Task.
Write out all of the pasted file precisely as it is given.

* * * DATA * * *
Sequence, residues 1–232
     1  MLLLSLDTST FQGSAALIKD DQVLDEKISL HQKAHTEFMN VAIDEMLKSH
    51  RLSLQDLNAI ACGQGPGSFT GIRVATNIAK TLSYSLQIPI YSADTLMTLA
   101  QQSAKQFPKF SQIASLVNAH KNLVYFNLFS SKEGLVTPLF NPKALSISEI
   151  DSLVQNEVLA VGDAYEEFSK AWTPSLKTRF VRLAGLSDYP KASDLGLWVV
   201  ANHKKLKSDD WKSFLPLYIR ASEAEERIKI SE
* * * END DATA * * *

Sequence, residues 1–232
     1  MLLLSLDTST FQGSAALIKD DQVLDEKISL HQKAHTEFMN VAIDEMLKSH
    51  RLSLQDLNAI ACGQGPGSFT GIRVATNIAK TLSYSLQIPI YSADTLMTLA
   101  QQSAKQFPKF SQIASLVNAH KNLVYFNLFS SKEGLVTPLF NPKALSISEI
   151  DSLVQNEVLA VGDAYEEFSK AWTPSLKTRF VRLAGLSDYP KASDLGLWVV
   201  ANHKKLKSDD WKSFLPLYIR ASEAEERIKI SE